The Business of the Leather Shop, November 1970-December 1971

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Despite the tumultuous and chaotic goings on in the house and in the surrounding exile community, the leather shop continued to increase its volume of sales and the quality of its goods. In May 1970 Ragnarokr was given an “Award of Excellence” for its leather crafts at the Sheridan Spring Craft Fair in Oakville, Ontario and in September Mary is elected to sit on the Ontario Craft Foundation’s Craftsman’s Advisory Board. In June 1971 Mary was selected by the members of the Craftsman’s Advisory Committee to be their representative to the Board of Directors of the Ontario Craft Foundation and Philip replaced her on the Craftsman’s Advisory Board.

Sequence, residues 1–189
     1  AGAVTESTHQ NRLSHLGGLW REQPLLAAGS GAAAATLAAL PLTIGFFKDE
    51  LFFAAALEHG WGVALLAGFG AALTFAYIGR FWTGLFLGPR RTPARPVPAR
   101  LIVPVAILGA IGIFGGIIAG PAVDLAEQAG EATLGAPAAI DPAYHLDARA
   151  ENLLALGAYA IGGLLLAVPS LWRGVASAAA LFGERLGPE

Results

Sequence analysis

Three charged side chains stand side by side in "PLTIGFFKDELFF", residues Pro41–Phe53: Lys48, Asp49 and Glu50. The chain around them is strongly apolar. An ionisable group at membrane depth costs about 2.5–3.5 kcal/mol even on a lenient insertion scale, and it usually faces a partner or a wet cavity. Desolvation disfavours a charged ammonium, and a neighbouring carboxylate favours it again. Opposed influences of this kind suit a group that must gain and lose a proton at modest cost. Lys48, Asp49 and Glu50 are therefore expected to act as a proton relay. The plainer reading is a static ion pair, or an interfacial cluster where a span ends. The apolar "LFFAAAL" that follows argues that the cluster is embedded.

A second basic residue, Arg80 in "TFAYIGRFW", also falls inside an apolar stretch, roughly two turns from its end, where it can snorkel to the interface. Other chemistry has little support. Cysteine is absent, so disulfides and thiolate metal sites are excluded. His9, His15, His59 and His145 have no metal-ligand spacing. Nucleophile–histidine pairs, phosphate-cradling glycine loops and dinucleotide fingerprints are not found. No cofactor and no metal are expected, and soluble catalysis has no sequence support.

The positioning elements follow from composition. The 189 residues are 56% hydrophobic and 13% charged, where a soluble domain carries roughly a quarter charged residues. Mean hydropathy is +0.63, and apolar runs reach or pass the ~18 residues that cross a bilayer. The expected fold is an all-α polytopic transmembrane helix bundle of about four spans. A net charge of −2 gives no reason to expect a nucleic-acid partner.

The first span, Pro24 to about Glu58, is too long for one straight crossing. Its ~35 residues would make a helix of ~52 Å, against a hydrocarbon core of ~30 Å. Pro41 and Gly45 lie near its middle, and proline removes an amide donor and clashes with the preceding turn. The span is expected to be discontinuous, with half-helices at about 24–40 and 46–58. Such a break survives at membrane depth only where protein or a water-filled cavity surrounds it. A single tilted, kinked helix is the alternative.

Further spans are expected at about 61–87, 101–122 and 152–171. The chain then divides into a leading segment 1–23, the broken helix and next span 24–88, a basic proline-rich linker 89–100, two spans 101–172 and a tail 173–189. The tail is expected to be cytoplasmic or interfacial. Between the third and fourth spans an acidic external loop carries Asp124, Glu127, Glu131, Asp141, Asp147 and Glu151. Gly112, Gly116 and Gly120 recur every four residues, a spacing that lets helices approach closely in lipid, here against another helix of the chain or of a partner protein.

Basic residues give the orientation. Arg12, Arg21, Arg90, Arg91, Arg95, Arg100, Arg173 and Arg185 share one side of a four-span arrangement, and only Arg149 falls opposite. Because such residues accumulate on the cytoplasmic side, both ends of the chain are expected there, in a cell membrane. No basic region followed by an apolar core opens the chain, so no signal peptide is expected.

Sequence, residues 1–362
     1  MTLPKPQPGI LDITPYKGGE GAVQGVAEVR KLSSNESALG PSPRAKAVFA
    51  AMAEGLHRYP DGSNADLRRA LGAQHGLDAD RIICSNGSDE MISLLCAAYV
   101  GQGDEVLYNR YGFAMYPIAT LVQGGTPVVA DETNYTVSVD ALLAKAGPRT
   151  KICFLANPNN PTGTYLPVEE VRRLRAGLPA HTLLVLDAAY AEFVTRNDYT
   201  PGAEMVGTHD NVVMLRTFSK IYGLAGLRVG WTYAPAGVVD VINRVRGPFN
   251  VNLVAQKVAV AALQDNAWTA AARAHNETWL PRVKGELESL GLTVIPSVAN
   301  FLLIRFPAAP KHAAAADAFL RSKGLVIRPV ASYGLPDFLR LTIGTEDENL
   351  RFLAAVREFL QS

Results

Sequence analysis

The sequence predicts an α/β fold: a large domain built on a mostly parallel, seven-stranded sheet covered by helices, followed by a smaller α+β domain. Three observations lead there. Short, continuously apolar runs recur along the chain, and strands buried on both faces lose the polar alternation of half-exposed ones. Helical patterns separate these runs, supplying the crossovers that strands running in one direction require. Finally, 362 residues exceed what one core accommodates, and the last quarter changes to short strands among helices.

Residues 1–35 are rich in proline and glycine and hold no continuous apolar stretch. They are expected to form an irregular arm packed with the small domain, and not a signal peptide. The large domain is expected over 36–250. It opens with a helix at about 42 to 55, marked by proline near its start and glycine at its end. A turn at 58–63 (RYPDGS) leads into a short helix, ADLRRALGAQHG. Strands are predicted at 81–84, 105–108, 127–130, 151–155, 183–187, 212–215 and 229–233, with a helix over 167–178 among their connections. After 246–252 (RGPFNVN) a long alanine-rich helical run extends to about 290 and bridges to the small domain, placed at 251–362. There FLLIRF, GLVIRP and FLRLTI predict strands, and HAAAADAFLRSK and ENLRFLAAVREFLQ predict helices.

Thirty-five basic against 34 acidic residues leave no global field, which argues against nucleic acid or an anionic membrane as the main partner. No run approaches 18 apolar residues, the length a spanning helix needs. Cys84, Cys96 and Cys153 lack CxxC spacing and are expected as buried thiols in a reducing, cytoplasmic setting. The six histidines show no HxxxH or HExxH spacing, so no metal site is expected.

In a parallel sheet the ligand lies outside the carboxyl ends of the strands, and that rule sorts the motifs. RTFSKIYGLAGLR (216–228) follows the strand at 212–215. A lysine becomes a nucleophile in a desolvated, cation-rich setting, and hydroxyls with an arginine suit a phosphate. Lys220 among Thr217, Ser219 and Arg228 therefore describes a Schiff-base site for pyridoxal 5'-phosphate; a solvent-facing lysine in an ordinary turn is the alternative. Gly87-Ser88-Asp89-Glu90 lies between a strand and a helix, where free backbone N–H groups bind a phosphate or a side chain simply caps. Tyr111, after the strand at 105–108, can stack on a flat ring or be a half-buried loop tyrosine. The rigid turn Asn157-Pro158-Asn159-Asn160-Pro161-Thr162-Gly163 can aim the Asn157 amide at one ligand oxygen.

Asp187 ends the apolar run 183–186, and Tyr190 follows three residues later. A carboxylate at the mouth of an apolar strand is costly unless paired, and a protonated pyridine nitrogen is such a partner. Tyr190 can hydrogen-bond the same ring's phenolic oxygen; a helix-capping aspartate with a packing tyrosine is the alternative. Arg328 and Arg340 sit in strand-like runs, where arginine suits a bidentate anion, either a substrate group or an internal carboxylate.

Between July to December 1970 Ragnarokr’s total sales were $6,110.52. Taking advantage of their unorthodox communal business arrangement and having a little anarchist fun at the same time, the leather shop developed a complicated bookkeeping scheme to minimize Federal excise and provincial sales taxes. The system involved separate manufacturing, wholesaling and retailing entities. The legal ownership and name of Ragnarokr changed from Ragnarokr Cordwainery to The Ragnarokr Cordwainery as part of the tax evasion scheme. The registered owners of The Ragnarokr Cordwainery were Mary and Randy Rauton, George Mullins, Madelyn Averitte and Steve Spring. Philip Mullins was the owner of a separate wholesale company called Fourth World.